Last month the South Dakota School of Mines and Technology and Ellsworth Air Force Base signed an agreement formalizing a relationship for collaborative projects such as the application of a revolutionary research technology to refurbish aging bombers. The university's partnership with Ellsworth has already helped return four B-1s to service and could save the military millions of dollars. School of Mines faculty researchers in connection with the Army Research Lab have developed a patent-pending process using "cold spray" technology to deposit aluminum powder in worn and damaged areas of aircraft panels, machining them back to their original dimensions, and returning the bombers to full service. Dr. Christian Widener, an associate professor who is also director of both the school's Repair, Refurbish and Return to Service Center and the Arbegast Materials Processing and Joining Laboratory, leads the development of the cold spray technology at Mines. Brian James, a School of Mines doctoral student who has worked with Widener on the research, is an Air Force Engineering and Technical Services representative at Ellsworth and both James and Dr. Widener joined the program to discuss the "cold spray" technology.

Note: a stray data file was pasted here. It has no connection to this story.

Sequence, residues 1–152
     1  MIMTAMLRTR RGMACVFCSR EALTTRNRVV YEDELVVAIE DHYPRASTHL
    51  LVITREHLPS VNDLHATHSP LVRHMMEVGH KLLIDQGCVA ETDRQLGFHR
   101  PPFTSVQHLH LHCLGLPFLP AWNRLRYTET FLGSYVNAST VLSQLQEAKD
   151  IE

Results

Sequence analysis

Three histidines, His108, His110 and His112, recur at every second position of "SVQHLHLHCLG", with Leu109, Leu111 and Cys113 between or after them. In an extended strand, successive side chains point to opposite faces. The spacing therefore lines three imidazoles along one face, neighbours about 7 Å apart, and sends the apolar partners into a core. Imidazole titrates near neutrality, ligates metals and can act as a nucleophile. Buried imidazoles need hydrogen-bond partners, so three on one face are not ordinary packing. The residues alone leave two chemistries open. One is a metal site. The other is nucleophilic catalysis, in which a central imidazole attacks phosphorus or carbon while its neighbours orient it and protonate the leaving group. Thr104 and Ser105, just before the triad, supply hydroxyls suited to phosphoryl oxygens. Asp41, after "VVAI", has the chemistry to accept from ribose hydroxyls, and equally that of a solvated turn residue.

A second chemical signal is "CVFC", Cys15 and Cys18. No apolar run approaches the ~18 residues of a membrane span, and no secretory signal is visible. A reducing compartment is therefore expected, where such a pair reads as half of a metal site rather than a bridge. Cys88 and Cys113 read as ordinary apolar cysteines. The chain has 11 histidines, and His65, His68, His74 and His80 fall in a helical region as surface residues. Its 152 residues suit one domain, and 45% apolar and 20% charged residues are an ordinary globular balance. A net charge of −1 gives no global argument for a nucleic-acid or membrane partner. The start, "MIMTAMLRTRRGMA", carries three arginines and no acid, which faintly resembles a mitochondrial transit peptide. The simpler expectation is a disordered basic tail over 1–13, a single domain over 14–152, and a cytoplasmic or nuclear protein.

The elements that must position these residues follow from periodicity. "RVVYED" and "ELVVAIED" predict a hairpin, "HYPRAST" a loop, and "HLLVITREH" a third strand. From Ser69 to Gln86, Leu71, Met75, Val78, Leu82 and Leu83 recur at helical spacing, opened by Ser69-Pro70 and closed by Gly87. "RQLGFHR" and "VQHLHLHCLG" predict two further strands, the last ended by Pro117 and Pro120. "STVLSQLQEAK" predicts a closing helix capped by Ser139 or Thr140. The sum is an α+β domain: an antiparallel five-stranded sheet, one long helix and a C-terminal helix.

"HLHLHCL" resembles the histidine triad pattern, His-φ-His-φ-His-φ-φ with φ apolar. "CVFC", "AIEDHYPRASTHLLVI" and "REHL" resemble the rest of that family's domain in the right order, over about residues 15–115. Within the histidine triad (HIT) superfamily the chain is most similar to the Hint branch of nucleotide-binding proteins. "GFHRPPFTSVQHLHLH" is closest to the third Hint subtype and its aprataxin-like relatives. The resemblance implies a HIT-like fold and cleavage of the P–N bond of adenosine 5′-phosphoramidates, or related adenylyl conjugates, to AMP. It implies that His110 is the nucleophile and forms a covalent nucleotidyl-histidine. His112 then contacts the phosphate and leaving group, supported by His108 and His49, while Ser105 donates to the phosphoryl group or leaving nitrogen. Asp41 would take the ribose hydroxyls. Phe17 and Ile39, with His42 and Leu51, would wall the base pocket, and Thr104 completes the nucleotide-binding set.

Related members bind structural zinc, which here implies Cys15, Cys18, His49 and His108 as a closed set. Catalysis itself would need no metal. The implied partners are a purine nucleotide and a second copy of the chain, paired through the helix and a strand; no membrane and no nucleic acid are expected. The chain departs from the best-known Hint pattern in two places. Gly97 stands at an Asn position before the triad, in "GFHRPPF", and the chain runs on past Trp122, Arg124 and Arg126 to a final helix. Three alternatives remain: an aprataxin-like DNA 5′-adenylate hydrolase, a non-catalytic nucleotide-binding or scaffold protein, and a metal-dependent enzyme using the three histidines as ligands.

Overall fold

Refurbishing B-1 Bombers
By Nathan Puhl • Apr 7, 2014